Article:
When I came out to my parents at an early age and told them that I didn’t believe I could continue to attend church, the one thing my mother told me was to never give up my faith…..I never did, and I believe that is the only way I survived. Eventually God blessed me with a wonderful family (long story), and today I watch my children and my grand children grow and I’m a part of their lives and I’m an openly gay man in my senior years. My advice would be to sever any ties to a fundamentalist church and seek an openly accepting and affirming church which will help enrich you and your sons lives. God bless you!!!

  • Julie Lumpkin

    To this incredible mother…I salute you! As a mom of a gay son who felt rejected by her “church”, I offer my support to you. It’s been a tough road, but being his mom has been such a blessing. I have weeded out my garden of nay-sayers, and have added more meaningful friendships to my life. I wish the same for you and your family. Please feel free to ask me anything if you wish. No question is off limits. In addition to John Shore’s great book, I also recommend that you read “Torn” by Justin Lee, and watch the youtube video by Matthew Vines. They may also help you in your journey. Hugs to you and your family.

  • Marlene Lund

    Thank you so much for sharing your story! I am the mother of a lesbian daughter, who came out to her father and me when she was in high school. Our starting point has always been our unconditional love for her, and still believing that “God made her special and loves her very much.” As you said, God has a plan for our LGBT children, and I believe it is in part to bring his church to a more loving and accepting place. Like you, her coming out led me on a journey of study and understanding what the Bible really does and does not say about same-sex loving relationships, and to a place of complete peace about my daughter’s future. God’s love will win out in the end! It always does.

  • randy johnson

    Yay! Just felt like saying that…

  • Carol Lynn Thomas

    It’s so uplifting to hear other mothers sharing their stories. Its hard to have your child rejected and judged by the very church family that you loved.

  • Bill Prickett

    Thanks, John. Mom can be such a key to young gay and lesbians coming to a healthy self-acceptance.

  • Michael Jordan

    They make the Pharisees in the Gospel of Matthew look tolerant.

  • Jennifer Leaf

    Worth reading. I’m glad this mother was able to put her love for her child first, ahead of the expectations and judgements of others.

  • Lisa Ford Berry

    I have been following your blog for a while, it seems like a life time but in truth close to five years, as with most things there is a black line that separates my life – before my son killed himself and after. My son shot himself on his 17 birthday while at school. I too had a sweet, gentle, funny and oh so smart son – he was exceptional. In our case he was also a victim of homophobic bias based the perception he was gay – in the end he became a victim of a peer abuse driven bullycide. He was tormented, harassed until he simply broke. Anyway, I am glad to know there are Christians who understand that love is truly unconditional – that really is the gift of love – acceptance. Excellent article and thank you for the work you do as it has helped me on my own journey. Peace.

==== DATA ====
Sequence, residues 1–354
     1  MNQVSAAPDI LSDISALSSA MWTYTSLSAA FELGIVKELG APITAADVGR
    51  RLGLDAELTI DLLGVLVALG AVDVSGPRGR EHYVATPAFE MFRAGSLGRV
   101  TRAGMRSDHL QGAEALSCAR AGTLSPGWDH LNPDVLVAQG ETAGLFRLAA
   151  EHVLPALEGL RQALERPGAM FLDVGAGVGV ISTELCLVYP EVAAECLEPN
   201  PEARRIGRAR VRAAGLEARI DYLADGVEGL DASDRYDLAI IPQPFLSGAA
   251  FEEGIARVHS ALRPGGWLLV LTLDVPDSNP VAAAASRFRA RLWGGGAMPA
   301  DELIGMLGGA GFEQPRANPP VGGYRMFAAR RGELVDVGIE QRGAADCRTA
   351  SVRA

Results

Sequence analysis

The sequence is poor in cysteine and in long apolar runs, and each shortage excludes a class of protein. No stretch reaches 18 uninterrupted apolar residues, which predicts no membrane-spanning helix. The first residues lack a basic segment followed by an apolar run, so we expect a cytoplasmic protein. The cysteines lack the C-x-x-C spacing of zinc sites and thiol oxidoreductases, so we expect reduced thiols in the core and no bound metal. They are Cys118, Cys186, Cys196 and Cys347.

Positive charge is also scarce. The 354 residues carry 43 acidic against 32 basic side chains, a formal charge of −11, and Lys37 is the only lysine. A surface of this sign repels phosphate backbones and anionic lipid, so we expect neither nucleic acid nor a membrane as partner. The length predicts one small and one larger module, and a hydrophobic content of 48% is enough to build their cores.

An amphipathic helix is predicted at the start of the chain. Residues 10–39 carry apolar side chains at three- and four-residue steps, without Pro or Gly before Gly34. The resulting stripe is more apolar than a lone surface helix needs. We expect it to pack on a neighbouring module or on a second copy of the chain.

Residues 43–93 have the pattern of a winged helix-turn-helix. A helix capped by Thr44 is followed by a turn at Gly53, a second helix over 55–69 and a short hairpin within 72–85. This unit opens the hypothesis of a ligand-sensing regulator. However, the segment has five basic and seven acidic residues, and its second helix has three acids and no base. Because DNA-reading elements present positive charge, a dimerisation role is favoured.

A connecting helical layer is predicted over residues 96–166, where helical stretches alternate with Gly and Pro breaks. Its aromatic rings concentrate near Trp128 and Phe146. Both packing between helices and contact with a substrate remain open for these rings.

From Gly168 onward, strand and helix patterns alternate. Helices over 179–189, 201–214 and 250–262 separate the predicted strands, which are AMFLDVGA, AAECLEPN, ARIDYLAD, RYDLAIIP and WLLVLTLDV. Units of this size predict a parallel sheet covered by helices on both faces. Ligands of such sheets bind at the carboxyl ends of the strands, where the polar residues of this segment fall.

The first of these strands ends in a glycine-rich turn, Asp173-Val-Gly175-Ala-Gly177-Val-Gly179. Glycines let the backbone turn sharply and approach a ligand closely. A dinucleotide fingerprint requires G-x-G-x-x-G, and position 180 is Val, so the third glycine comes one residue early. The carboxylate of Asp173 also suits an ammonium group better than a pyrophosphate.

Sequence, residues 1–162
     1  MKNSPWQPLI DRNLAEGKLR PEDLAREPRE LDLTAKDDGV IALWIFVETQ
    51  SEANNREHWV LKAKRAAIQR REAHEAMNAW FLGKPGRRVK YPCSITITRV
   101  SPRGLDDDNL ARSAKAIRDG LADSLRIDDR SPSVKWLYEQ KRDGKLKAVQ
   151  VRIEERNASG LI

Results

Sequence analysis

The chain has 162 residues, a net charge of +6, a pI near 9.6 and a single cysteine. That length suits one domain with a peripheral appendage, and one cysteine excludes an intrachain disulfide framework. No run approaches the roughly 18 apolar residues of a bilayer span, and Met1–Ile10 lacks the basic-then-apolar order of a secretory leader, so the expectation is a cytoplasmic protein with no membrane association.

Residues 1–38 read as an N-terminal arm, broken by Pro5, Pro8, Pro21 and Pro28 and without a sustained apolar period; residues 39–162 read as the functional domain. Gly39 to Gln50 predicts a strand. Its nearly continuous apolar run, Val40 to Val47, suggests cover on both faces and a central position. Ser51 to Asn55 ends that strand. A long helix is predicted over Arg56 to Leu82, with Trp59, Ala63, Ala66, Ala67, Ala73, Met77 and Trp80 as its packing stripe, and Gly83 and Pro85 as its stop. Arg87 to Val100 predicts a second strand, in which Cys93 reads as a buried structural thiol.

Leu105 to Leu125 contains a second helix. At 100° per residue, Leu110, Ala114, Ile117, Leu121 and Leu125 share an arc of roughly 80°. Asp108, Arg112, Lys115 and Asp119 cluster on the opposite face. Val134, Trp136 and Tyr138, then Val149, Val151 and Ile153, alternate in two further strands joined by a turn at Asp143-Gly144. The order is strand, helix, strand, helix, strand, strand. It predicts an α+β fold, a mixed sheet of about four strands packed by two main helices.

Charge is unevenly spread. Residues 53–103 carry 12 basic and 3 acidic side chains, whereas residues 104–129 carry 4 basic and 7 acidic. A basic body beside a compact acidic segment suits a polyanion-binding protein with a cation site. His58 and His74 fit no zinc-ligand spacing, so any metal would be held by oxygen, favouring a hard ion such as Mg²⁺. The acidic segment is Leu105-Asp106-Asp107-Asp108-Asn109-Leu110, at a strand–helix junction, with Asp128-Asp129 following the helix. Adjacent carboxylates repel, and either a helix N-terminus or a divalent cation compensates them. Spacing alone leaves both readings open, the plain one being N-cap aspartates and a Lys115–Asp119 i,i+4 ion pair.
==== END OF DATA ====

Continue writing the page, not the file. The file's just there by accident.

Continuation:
• Julie

    Hugs to you, Lisa. I can’t imagine. ❤

  • Gary C. Bogart

    Just bought the book today about a minute ago. Big Fan. One of the best overall positive influences in my life. Thank you John, for your Pearls of Wisdom and Gentle, Daily reminders of what it means to just be a good person, to live and let live, and to Love and Let God. So thankful to know of you.

  • Leslie

    Lisa, thank you for sharing your story with us. I have no words to say that would even begin to express my sympathy. Blessings to you.

  • Leslie

    I truly hope the letter writer knows how her words are such a blessing to so many more than just her own son. For every child who doesn’t have such a loving parent, they can read her words and know that they are loved just as they are even if their own parents aren’t yet capable of that. Thank you.

  • Thank you for sharing these stories…I believe that the more people start to realize the struggles that people are going through in the gay community the more compassion will grow. I am an odd duck in my more conservative Christian circles because I tend to champion the plight of this community – perhaps because I grew up in theatre and have many gay friends, perhaps because God smacked me in the face with how condescending it is to say things like ‘love the sinner hate the sin’ (something I used to say in an effort to align the ‘Christian Values’ I thought I was supposed to tout with the love I had for my friends who were gay). He said once ‘How would you feel if someone applied this term to you?’…After thinking for a second I realized that I would not like it one bit. Slowly but surely, through some ugly stuff in my own life (married and divorced due to my ex’s pornography addiction/double life), I have learned the damage that can be done to people and the oppressive consequences that result from a theology of conditional love and acceptance. I have learned that people must be free to walk their own journey and that my job as a follower of Jesus is to offer love and support to others….Shut Up and Love People, ya know? 🙂

  • harrisco

    That letter just broke my heart on a rainy Thursday afternoon. . . . These words did it: “I watched my honor society, sweet, compassionate boy become an angry, God-hating, Christian-hating man.”

    To the writer: I am so grateful that your son made it through the torment. That compassionate boy is still here–and he has been through fire. “My son is finally content with who he is, and he knows that he is loved.” He is good to go now–he can do anything… He has been pushed down–and he got up again, compassion intact. He is made of something strong–and I think it might have come from you… Just a thought. Take pride in yourself. Take pride in this young man you raised. You have both triumphed over fear.

  • harrisco

    My tears were already falling from the letter above, Lisa. Your comment just took things to another level entirely. I am just so terribly, unspeakably sorry that your son was tormented in this way. It was not right. He deserved so much better. I am sorry. Words seem inadequate to express it.

  • Lewis E. Williams

    Helen Ann, I have two words for you: THANK YOU!!! God bless.

  • Lewis E. Williams

    Many blessings Lisa. Thank you.

    There ARE a lot of Christians out there who do realize that love is unconditional.

    I came so close to suicide myself as a teenager,